1008newerastory2.jpgTeaching the Word

Rev. John Mehl, LCMS World Mission regional director in Asia, observes that foreign mission for all U.S.-based Christian mission organizations has changed since the 1970s. “Much of this is the result of the wonderful efforts of those missionaries who have gone before us and scattered the seed of the Gospel, and watered and tended small churches,” he adds.

Mehl believes a good witness does not break laws to spread the Gospel in limited-access Asian countries, but the LCMS, with its solid theology and teaching, can work in other ways.

“Often, the role of the LCMS is to help partner churches spread the Gospel where we cannot,” Mehl says. “The LCMS is known around the world for teaching the Word of God without any funny business, and our partners want that teaching for their own workers.”

He observes that Asians think collectively and like a longer process of discussing options as compared to Westerners, who prefer quick decisions. “As we consider how we work with partners, we need to be careful to be true partners, remembering the need to allow the Asian process to work, even if it takes more time,” he says.

Worldwide, companies are tapping the labor market of Asia, and the LCMS is responding through its strength in education. The LCMS Hong Kong International School has a strong reputation for serving the children of international business representatives and diplomats. LCMS World Mission tapped that model 10 years ago when it opened Concordia International School in Shanghai, China. It now enrolls more than 1,200 students.

1008newerastory3.jpgGod’s Word shapes strategies, training, and assembling of new believers as work progresses in Russia and other countries of the former Soviet bloc. “Just as the apostle Paul became all things to all people, today missionaries are studying the language, laws, culture, and communities. They are incorporating that knowledge in the proclamation of the Gospel,” says Rev. Brent Smith, regional director in Eurasia.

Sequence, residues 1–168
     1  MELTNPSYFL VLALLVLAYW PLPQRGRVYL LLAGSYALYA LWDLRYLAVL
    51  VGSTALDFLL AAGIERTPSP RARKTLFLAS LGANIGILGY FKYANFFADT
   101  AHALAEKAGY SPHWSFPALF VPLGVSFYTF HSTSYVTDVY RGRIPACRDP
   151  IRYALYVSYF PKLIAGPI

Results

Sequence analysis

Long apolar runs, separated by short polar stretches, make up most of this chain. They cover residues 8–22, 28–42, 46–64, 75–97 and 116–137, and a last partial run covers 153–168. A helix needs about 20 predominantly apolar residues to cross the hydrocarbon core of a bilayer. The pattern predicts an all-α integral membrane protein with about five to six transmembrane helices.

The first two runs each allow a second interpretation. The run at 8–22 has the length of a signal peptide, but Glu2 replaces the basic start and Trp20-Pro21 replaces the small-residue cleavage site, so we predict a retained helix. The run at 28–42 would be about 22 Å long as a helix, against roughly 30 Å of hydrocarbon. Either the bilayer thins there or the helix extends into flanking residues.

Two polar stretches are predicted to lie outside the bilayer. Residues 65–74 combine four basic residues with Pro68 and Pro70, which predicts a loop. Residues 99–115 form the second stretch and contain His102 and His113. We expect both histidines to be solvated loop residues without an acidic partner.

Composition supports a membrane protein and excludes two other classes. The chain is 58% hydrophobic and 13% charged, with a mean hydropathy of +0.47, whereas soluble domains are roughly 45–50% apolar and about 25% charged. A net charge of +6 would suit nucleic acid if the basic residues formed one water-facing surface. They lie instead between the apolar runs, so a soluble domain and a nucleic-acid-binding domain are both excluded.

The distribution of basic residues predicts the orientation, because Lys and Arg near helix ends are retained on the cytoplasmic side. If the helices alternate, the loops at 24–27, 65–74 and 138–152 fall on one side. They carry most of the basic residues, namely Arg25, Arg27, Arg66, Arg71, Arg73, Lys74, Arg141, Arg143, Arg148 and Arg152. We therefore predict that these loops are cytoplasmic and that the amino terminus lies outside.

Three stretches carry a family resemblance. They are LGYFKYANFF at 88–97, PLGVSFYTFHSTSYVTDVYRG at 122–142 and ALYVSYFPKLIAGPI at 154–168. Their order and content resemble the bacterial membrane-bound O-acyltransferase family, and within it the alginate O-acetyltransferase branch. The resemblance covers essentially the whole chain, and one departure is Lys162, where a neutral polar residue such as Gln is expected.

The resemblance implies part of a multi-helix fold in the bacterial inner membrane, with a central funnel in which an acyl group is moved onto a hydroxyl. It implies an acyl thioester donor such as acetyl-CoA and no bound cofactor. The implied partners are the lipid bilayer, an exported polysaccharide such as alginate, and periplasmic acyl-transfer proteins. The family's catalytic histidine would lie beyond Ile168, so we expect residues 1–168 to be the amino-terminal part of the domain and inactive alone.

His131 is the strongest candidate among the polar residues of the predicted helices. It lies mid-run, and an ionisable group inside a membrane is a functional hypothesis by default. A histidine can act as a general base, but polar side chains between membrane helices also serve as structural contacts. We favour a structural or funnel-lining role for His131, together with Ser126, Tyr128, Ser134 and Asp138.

Partners in Eurasia are moving into the public arena, he adds. Leaders of the partner church in Latvia helped craft parts of the religious curriculum taught in schools. Their youth recently completed a “prayer walk” as part of their youth gathering, singing hymns as they stopped for public speeches and made their way to an open-air Christian concert. Some leaders from partner churches are delivering Christian lectures at universities in Russia and Turkey.

Smith cites another example of world partnerships—dozens of LCMS service organizations and auxiliaries. In Kyrgyzstan, mobile medical trailers, community health education, and agri-cultural development provide Christian care and opportunities to share the Gospel. Partners who aid in the work include the Concordia Mission Society, Orphan Grain Train, the Lutheran Women’s Missionary League, the Tian Shan Mission Society, Hope Seeds, and Concordia Seminary, St. Louis.

“After less than 10 years of work in the Muslim majority context of Kyrgyzstan, the Spirit has assembled 45 churches with more than 300 baptized and approximately 2,000 people in regular study of the Word,” Smith reports.